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Ope ra Salome (Royal Opera House) King Arthur (Theatre du Chatelet)

The Spectator

The Barber of Seville (English Touring Opera) Best rat in town Rupert Christiansen F ain the first minute of the Royal Opera's new production of, Richard Strauss's Salome, it...

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Bryan Ingham (Francis Graham - Dixon, till 29 April) New Territories (Jason & Rhodes, till 8 April) Architectonics: Jenny Okun (Rebecca Hossack, till 1 April) Vigorous...

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Burning Blue (King's Head) Women of Troy (National/Olivier) The Winter Guest (Almeida) Refreshing starts Sheridan Morley R ecovering rapidly from its , disastrous baby-eating...

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A chair to covet Alistair McAlpine S eldom do I lon g to buy a lot that comes up in the sale-rooms, but there is a hi g h- back chair for sale at Sotheby's on 31 March that I...


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The Madness of King George ( PG, selected cinemas ) Royal marbles Mark Steyn I like the new title. We've all heard the j okes about why the Samuel Goldwyn Company insisted on...

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Monkey business Ian Hislop A fimal Detectives (ITV, Thursday 8.30 p.m.) is an ambiguous title. It sounds like a programme where pets go around investigating murders — a bit...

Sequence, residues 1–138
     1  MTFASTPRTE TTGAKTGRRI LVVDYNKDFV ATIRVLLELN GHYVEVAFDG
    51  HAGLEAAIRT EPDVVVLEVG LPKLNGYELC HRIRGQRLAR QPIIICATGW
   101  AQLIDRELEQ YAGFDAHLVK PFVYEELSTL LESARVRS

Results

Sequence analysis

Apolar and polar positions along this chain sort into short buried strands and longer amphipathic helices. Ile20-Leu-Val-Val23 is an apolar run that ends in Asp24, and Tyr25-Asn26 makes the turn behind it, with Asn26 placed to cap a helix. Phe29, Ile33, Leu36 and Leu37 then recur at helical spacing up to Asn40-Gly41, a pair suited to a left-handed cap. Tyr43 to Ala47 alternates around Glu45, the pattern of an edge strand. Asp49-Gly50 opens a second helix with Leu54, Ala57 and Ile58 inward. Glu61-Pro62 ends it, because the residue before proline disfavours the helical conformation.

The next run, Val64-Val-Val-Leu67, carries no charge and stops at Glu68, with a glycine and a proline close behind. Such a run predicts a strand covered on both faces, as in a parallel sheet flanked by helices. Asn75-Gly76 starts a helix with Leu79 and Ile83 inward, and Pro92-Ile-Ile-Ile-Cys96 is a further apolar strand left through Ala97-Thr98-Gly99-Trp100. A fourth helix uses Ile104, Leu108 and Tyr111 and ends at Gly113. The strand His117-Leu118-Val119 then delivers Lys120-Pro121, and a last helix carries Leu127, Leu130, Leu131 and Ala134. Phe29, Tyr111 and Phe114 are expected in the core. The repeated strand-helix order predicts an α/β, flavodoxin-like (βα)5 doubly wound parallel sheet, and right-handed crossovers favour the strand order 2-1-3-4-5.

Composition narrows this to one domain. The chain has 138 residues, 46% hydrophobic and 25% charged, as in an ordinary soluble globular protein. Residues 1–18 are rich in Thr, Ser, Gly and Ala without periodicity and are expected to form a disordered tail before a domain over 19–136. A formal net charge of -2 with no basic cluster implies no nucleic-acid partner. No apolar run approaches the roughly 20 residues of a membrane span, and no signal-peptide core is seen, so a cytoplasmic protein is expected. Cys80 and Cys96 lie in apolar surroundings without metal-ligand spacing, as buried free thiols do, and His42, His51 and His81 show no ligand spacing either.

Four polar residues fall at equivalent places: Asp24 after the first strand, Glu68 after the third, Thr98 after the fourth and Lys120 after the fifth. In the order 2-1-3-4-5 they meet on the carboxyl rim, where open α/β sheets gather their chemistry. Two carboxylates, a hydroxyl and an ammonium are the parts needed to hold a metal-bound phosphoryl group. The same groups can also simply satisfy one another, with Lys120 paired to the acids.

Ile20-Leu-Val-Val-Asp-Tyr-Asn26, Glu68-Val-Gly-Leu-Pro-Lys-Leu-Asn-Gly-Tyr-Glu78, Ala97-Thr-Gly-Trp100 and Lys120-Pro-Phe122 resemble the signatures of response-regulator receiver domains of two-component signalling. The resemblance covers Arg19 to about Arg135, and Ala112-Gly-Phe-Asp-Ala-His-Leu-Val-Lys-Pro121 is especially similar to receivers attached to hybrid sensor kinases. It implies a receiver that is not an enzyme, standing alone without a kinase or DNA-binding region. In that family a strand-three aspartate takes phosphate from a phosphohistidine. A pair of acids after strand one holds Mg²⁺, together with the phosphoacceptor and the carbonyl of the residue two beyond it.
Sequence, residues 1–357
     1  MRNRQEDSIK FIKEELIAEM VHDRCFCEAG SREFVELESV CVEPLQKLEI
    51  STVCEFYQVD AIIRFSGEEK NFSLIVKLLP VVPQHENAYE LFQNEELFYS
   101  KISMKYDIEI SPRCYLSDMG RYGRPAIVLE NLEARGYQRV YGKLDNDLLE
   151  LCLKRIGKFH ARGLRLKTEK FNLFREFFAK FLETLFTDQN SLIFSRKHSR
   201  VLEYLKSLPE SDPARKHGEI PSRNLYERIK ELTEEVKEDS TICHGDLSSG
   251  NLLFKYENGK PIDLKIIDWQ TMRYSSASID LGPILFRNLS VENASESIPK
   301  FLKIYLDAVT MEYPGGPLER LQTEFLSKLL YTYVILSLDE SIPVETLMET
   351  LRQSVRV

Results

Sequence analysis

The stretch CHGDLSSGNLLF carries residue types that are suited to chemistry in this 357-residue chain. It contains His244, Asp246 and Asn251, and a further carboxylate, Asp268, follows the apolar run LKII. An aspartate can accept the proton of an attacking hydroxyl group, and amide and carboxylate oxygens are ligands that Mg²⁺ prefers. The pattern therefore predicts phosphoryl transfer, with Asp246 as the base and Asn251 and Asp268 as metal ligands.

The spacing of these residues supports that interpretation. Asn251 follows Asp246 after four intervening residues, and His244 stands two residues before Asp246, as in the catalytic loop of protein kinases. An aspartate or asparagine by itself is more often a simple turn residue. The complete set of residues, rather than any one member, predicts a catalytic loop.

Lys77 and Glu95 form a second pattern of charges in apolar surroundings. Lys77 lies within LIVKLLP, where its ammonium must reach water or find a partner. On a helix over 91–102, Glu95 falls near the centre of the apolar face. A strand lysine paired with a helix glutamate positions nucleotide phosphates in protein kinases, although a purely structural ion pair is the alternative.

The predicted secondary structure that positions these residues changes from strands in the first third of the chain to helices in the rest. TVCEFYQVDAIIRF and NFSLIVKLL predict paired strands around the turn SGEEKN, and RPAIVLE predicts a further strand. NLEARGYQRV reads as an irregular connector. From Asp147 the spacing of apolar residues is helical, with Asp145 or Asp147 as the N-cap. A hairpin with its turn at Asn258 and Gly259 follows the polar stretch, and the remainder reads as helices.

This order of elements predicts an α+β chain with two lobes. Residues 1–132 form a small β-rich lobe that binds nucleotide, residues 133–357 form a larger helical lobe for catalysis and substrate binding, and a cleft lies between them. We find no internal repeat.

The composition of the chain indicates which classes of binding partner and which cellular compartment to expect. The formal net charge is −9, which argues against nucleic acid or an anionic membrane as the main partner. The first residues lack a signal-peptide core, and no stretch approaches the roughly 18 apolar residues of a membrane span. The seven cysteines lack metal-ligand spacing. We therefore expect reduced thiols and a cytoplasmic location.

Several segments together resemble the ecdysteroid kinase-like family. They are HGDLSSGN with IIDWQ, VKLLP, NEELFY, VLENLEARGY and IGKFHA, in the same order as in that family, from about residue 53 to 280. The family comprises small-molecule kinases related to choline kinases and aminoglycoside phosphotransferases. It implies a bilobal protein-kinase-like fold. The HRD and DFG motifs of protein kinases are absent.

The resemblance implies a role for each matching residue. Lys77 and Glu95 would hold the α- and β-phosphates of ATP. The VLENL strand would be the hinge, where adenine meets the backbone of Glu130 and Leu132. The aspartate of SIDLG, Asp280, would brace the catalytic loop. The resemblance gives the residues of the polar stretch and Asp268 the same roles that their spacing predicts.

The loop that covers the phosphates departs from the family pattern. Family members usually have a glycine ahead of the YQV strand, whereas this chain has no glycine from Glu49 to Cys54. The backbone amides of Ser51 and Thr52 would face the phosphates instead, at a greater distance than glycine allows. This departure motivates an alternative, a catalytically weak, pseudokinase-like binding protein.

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Low life

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A question of class Jeffrey Bernard T he Americans, apart from being politi- cally naïve, are politically correct to an extent now that makes me almost want to vomit. San...

High life

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Not two too many Taki Gstaad T he Eagle Club as well as the Palace Hotel closed last Sunday, the latter staying open one extra day for the president of Cameroon to get up...

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Long life

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Lordly dreams Nigel Nicolson I had not entered the House of Lords for 30 years until I was invited to lunch twice within the last month by two different peers. There is...

Office life

The Spectator

Cured by custard creams Holly Budd h e concept of non-person, which makes our bureaucratic existence our defining characteristic, looks set to outlive the total- itarian...

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Interlude de Chavot

The Spectator

I HAVE LEARNT, in ten years of restau- rant reviewing, that it doesn't pay to have expectations. Disappointment is an occupa- tional hazard. I had, though, to go hopeful- ly to...


The Spectator

New flair Andrew Robson THERE IS an annual competition amongst selected experts to produce the best tip for the above average bridge player. Possibly the most useful such tip...

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Takeaway Raymond Keene THE INDIAN GRANDMASTER Viswa- nathan Anand finally broke through in game 9 to take the lead in his match in the PCA qualifying cycle against Gata...


The Spectator

ALIWOKHIMAY ISLE OF i 1 SNLLE kIALT S Ota :NISIII COMPETITION Kate and Pet Jaspistos IN COMPETITION NO. 1873 you were invited to supply a rhyming dialogue between Kate and...

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A first prize of £25 and a bottle of Graham's Malvedos 1979 Vintage Port for the first correct solution opened on 10 April, with two runners-up prizes of £15 (or, for UK...

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One heck of a night Frank Keating I WATCHED the England rugby team's musclebound plod of a victory over Scotland on television at the Aghadoe Heights hotel which is perched...


The Spectator

Dear Mary. . . Q. After a severe personal loss, I was recently invited to stay for two weeks in Barbados with the apparently sympathetic widow of a very old friend....